• Ensuring that these are applied to all employees and business partners under the control of the organisation and ensuring they cover all relevant risks. These include: political and charitable contributions, gifts, hospitality and expenses.

Principle 5: Effective implementation

  • Embedding anti-bribery in the organisation’s internal controls, recruitment and remuneration policies, operations, communications and training.

Principle 6: Monitoring and review

  • Ensuring effective financial monitoring and auditing with controls that are transparent and sensitive to bribery.

See the 2008 Bribe Payers Index PDF attached

The 2008 Bribe Payers Index is a ranking of 22 of the world’s most economically influential countries according to the likelihood that their firms will offer bribes when doing business abroad. Scores range from 0 to 10. The higher the score for the country, the better behaved its companies tend to be.


The Lawyers’ tips

Rupert Choat, Cameron McKenna
Don’t be lulled into a false sense of security by what your competitors are up to. ’It’s market practice’ is no defence. Also, while gifts to foreign public officials are okay if permitted by their laws, under the act the law must be a written one - don’t rely upon a custom or general tolerance towards gifts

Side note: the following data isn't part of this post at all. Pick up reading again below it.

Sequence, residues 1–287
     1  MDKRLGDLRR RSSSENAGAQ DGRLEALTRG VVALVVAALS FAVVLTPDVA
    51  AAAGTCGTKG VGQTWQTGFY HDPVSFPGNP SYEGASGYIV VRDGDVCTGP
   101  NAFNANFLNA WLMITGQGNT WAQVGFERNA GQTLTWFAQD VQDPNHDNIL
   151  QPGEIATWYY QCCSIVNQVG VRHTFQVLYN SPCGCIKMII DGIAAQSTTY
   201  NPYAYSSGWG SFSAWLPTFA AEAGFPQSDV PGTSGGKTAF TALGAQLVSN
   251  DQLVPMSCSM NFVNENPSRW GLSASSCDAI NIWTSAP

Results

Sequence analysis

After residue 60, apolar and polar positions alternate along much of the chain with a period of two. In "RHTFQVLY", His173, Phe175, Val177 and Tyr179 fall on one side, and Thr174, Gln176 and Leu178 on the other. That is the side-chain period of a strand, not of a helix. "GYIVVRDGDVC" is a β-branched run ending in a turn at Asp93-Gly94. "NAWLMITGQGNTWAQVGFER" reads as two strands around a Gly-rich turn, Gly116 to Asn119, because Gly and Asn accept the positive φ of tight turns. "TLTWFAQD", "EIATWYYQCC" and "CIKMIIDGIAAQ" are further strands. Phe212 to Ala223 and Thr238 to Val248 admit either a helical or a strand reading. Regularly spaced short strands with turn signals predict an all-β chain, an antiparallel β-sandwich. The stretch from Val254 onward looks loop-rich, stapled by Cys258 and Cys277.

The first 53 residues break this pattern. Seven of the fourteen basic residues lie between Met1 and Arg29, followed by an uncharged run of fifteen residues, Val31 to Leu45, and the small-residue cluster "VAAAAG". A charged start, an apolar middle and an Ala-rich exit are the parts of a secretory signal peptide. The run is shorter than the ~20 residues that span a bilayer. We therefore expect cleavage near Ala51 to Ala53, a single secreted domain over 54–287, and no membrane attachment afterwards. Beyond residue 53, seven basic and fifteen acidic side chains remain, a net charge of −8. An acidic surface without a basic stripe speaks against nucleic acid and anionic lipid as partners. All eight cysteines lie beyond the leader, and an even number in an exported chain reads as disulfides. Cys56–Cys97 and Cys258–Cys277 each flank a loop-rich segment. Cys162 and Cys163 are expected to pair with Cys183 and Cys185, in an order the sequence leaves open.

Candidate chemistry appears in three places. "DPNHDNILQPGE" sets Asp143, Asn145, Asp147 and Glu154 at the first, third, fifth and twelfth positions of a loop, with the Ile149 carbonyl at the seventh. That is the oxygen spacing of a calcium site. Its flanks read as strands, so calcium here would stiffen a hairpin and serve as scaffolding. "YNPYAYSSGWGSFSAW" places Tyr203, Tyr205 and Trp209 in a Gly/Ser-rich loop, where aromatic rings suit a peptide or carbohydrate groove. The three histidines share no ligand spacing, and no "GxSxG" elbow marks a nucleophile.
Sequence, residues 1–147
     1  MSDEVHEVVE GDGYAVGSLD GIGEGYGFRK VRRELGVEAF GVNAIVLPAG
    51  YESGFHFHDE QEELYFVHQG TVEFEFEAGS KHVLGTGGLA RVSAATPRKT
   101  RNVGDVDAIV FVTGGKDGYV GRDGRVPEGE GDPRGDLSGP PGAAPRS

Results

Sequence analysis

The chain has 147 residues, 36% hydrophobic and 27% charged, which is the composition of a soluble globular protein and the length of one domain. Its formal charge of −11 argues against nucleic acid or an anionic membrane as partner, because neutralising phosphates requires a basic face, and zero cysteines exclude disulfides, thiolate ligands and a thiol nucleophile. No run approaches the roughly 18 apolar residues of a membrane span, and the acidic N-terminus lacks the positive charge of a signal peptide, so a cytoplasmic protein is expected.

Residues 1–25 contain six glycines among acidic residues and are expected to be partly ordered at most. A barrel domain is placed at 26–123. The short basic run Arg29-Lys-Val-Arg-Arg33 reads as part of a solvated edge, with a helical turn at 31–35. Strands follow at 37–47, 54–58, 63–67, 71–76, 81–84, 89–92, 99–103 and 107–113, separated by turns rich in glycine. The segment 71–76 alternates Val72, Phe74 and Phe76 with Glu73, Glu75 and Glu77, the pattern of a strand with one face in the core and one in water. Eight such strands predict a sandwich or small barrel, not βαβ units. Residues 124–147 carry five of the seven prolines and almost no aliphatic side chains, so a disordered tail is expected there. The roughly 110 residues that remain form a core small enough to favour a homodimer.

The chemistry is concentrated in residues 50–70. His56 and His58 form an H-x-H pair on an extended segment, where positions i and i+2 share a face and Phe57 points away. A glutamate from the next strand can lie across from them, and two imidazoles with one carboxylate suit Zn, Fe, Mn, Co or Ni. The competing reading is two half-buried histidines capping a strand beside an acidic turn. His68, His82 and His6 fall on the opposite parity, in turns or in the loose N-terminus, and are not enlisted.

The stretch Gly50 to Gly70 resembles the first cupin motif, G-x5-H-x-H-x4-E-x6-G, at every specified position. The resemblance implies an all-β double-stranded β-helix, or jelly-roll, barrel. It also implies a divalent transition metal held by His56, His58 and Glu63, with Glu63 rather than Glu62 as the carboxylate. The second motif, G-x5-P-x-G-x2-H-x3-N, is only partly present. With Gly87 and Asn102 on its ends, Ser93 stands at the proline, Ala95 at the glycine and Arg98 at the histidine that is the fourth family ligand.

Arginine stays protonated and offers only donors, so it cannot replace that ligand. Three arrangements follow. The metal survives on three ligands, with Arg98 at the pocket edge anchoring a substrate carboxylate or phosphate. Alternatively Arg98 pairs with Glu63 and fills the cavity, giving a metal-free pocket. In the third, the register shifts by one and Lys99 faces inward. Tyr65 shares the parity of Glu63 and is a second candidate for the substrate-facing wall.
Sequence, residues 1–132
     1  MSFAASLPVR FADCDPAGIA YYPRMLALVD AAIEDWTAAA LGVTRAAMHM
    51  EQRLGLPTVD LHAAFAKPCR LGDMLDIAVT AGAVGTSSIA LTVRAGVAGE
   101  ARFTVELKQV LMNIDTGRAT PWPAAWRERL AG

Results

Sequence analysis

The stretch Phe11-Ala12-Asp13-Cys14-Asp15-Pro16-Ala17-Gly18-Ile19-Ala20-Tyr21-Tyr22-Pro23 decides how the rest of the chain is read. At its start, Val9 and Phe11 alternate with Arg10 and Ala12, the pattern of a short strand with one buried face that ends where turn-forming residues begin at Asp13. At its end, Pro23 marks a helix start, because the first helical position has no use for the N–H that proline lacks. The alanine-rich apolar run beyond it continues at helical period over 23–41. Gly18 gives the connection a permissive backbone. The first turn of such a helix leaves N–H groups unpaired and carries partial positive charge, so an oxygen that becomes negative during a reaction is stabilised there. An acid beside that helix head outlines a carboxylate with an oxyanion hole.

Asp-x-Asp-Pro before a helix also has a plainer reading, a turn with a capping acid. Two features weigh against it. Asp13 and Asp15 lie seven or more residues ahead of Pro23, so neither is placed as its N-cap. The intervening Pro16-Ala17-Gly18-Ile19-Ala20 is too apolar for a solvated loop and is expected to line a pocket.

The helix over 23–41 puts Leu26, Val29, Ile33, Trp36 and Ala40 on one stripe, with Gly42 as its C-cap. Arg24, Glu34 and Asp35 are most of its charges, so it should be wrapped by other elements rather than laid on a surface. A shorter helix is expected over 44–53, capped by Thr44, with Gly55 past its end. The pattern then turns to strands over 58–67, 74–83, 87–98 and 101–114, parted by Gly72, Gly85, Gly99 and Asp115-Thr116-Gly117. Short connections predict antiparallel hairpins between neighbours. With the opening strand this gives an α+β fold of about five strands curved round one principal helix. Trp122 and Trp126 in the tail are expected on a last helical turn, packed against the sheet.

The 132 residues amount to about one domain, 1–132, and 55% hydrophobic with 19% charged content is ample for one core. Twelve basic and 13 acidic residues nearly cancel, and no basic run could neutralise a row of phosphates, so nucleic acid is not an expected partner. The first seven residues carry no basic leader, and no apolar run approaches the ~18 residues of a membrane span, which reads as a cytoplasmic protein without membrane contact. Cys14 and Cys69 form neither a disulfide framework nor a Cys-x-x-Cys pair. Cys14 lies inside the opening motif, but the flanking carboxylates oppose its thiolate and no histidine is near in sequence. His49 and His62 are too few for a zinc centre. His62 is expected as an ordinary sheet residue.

Simon Lewis, Dickinson Dees
Ensure your management is committed to implementing anti-bribery procedures and are involved in the development of these procedures.

Mark Surguy, Pinsent Masons
Corporate reputation is very important. The last thing any company needs is a dawn raid by the Serious Fraud Office. If you think any deal may be dodgy, the best decision may be not to go anywhere near it.

Christopher Hill, Norton Rose
All SMEs should review their procedures and record what they have done but should bear in mind that “adequacy” is proportionate to the size of their business and the risk.

Useful websites
The Global Infrastructure Anti-Corruption Centre provides advice on anti-corruption issues in the infrastructure, construction and engineering sectors.
Ministry of Justice’s draft guidance to the Bribery Act, where you’ll find an online form you can submit as part of the consultation process. The consultation finishes on 8 November.
Transparency International UK has published a comprehensive guide on the adequate procedures under the UK Bribery Act 2010. The website has anti-corruption tools for companies and case studies in how to design bribery out of the procurement process.